A stop-payment on a check is a request for your bank to not honor a draft written on your account. Financial institutions in the United States have different account-level-specific rules for their customers, but the process of issuing a stop-payment is similar bank to bank. There are different reasons you might request a stop-payment, including, for example, that the check was written for an incorrect amount and, if cashed, would lead to an overdraft of your checking account. Most banks will charge a fee against your account for issuing the stop payment.
Locate the routing and account number associated with your checking account. This information is located on the bottom of the check with the routing number being the first nine numbers listed from the left. Get the amount of the check, the date the check was written and the actual check number. If you have Internet checking with your bank, the checking and routing number can be retrieved online.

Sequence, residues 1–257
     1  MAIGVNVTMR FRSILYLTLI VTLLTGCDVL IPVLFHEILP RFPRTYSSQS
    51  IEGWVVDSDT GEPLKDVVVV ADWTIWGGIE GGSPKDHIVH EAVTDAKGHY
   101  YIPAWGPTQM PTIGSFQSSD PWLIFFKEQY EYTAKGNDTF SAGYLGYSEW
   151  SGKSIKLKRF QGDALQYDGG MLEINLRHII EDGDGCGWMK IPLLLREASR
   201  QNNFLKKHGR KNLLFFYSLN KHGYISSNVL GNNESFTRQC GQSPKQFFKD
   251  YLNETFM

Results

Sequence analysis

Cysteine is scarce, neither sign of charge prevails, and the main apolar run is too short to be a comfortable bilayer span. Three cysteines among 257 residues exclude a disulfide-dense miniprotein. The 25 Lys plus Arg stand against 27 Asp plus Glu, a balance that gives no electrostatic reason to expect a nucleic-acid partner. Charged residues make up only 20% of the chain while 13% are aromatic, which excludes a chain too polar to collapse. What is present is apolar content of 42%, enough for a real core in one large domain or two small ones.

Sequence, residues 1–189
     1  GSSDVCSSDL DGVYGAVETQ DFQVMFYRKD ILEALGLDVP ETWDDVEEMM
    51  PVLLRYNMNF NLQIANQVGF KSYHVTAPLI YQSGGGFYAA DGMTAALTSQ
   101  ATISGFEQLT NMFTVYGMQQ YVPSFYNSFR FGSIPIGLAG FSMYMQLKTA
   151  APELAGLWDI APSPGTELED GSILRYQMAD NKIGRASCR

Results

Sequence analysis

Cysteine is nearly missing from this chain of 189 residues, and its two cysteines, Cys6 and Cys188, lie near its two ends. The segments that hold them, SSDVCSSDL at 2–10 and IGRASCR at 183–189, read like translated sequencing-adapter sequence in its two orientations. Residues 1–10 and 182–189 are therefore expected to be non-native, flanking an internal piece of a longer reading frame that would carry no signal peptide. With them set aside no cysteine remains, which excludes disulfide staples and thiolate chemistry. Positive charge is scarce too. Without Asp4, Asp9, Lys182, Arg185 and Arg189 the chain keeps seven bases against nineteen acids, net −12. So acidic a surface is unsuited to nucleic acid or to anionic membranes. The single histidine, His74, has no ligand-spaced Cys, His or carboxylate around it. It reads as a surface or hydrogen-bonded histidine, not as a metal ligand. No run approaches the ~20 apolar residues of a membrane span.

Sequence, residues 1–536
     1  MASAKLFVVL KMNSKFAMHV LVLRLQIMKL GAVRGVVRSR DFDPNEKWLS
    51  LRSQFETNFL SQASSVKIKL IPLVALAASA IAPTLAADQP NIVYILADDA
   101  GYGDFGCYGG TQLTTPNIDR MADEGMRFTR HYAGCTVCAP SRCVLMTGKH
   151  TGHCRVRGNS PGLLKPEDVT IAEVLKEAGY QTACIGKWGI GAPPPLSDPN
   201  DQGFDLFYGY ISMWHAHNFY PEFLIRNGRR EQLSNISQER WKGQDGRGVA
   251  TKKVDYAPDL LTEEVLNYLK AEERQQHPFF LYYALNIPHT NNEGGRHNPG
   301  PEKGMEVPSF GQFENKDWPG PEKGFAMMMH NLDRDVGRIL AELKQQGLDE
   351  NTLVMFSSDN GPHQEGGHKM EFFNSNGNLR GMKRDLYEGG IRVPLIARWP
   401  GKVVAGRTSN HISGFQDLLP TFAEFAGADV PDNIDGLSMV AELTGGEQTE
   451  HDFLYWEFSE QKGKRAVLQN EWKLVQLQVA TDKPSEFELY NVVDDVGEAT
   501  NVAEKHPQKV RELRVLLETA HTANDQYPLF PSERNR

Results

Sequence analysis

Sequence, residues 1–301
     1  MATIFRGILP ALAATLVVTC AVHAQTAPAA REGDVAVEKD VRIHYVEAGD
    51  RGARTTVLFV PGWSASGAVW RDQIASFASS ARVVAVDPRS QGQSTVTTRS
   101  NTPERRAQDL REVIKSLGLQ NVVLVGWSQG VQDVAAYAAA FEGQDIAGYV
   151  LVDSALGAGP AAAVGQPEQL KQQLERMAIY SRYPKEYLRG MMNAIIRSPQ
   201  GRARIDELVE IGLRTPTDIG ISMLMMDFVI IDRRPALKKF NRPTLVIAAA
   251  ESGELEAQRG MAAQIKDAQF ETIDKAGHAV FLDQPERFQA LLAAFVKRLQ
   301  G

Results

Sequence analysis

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Find the bank's customer service phone number. You can also go to your local bank branch and stop payment on your check in person; in some cases, a stop-payment can be issued online. Check with your bank to determine what options it offers.
Call your bank's customer service phone number. When a representative comes on the line, explain that you are requesting that a stop-payment be issued on a check. Provide the representative with your account number, the date of the check, the amount, the payee and the check number. Ask the representative if there is a fee associated with the transaction and determine if you have the funds in your account to cover the fee.
Keep copies of all stop-payment-related transactions for your records.
Be aware that depending on the circumstances, you may still be responsible to the payee for the amount of the check and any fees incurred. There are no criminal statutes in any state that would lead to criminal charges, but all states have civil remedies available to the payee. If you purchase merchandise or pay for a service and then stop the check, the payee can sue you for the amount of the check and any collection fees.